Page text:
I was just made awar…
I was just made aware of this press release from last Wednesday. This is from the Liberty Council, who presented oral arguments in favor of keeping 10 Commandments displays in public places.


The Ten Commandments Are A Universally Recognized Symbol Of Law Particularly Appropriate To Display In A Courthouse

Washington, D.C. – Today, Mathew D. Staver, President and General Counsel of Liberty Counsel, released the following statement after presenting oral argument at the United States Supreme Court in the Kentucky Ten Commandments case, known as McCreary County v. ACLU of Kentucky. Staver said, “The Ten Commandments are a universally recognized symbol of law. A visitor to the United States Supreme Court cannot enter the very chambers where argument was heard without coming into contact with the Ten Commandments. They are engraved at the main entrance on the double wooden doors, and they also appear on the bronze gates which exit from either side. Inside the Court, the only written inscription of the numerous architectural depictions is the Decalogue in Hebrew text. The Ten Commandments are featured in the central position on this Court’s East Pediment. Richmond County, Georgia, has used the symbol of the Ten Commandments on its seal since at least 1872, so that even the illiterate could recognize legal documents stamped with this imprint. The Ninth Circuit Court of Appeals, which struck down the Pledge of Allegiance, has had the Ten Commandments in its official court seal for at least 100 years. The Ten Commandments have also influenced our common vernacular, by giving rise to numerous pithy sayings, like ‘The Ten Commandments of a Good Golf Swing.'”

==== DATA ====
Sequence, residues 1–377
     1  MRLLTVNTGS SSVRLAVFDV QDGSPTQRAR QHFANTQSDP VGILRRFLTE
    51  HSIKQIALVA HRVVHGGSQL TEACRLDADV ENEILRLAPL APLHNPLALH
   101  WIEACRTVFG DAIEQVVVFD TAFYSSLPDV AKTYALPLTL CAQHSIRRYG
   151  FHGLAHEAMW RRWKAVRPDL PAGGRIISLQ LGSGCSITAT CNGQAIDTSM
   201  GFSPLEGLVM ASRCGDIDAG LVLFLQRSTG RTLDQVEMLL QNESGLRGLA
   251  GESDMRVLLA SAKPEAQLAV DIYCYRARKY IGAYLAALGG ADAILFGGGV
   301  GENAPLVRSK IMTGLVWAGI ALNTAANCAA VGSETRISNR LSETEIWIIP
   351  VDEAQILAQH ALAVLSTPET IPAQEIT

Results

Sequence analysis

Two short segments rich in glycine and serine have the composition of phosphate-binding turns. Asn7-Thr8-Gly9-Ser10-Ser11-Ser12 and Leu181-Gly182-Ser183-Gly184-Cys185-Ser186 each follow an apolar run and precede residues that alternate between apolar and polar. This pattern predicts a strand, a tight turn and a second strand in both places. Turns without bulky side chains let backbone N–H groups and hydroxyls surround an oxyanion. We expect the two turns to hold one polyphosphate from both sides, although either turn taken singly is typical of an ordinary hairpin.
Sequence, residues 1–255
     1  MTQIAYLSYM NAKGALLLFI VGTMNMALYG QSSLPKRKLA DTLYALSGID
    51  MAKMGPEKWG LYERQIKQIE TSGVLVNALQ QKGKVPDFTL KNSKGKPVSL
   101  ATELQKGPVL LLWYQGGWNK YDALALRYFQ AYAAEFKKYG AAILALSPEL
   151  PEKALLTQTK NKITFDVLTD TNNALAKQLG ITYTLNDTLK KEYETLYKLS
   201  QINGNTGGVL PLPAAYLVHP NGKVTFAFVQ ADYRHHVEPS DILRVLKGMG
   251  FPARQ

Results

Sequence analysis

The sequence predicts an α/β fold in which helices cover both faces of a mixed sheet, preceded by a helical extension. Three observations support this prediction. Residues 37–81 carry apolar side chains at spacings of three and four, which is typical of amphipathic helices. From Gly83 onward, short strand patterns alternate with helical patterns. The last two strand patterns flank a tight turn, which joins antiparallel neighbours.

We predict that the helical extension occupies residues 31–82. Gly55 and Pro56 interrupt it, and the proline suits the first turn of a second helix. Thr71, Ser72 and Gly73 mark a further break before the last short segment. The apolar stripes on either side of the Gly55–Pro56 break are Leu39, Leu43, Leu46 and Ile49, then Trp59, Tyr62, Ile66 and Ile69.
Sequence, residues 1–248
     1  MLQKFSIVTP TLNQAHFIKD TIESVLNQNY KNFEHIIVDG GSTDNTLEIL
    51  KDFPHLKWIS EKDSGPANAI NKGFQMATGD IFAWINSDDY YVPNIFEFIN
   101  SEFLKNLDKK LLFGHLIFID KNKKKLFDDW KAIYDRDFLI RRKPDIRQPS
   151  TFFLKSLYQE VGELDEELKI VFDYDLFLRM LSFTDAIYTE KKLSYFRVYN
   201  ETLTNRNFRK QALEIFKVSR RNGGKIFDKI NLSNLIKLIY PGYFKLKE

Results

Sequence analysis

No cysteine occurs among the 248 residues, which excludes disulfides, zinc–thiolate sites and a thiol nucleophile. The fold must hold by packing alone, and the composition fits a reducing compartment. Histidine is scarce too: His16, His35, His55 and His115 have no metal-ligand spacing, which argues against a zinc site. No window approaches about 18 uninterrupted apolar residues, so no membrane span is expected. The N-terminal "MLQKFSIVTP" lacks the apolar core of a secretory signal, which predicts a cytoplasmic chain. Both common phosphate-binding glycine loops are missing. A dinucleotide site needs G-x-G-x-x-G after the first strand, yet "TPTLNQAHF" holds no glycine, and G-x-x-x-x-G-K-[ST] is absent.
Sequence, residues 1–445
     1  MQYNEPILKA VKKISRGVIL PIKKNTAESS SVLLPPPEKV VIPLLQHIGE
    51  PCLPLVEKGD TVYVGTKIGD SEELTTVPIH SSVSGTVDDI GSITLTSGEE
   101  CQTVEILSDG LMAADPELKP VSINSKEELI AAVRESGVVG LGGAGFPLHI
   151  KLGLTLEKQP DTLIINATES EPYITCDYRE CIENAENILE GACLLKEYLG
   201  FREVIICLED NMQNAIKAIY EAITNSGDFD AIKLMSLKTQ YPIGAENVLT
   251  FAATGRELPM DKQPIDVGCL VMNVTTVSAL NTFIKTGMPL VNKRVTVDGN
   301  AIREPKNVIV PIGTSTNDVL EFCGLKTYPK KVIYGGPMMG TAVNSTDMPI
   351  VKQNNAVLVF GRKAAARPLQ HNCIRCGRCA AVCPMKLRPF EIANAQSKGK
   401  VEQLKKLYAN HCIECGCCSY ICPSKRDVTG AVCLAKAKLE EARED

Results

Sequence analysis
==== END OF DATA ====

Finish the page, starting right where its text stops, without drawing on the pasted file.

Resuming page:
Staver continued, “Despite the fact that the Ten Commandments are uniquely embedded in our history and appear in the Kentucky courthouses in a Foundations of Law display, some would have the Court confuse an acknowledgment with an establishment of religion. There is a critical difference between government acknowledgments of religion, which the Constitution permits, versus an establishment of religion, which the Constitution forbids. It is not surprising that in a Nation established by religious refugees, we find references to the divine in our songs, in our mottos, in our architecture and in our documents. To erase our history would eliminate the essence of this country – a Nation founded upon religious freedom, where we can acknowledge God and religion and where freedom of conscience is not trampled. If the Ten Commandments are unconstitutional, and if when government merely acknowledges religion, it thereby establishes it, then the sight of sandblasters will become common, and the rapid fire of merciless jackhammers will disturb our peace. Our Constitution was not intended to foster callous hostility toward religious expression.”

Here are loads of examples of public displays of religion, many featuring the Ten Commandments. (Don’t forget to click on the “Part II” link at the bottom for even more.) These are all taken from government buildings just in the District of Columbia. Are we to really believe that all these displays, from down through the years, are all unconstitutional? Do we supposedly know better what the Founders meant by the First Amendment than those who lived far closer to it’s writing?

Filed under: Uncategorized

Like this post? Subscribe to my RSS feed and get loads more!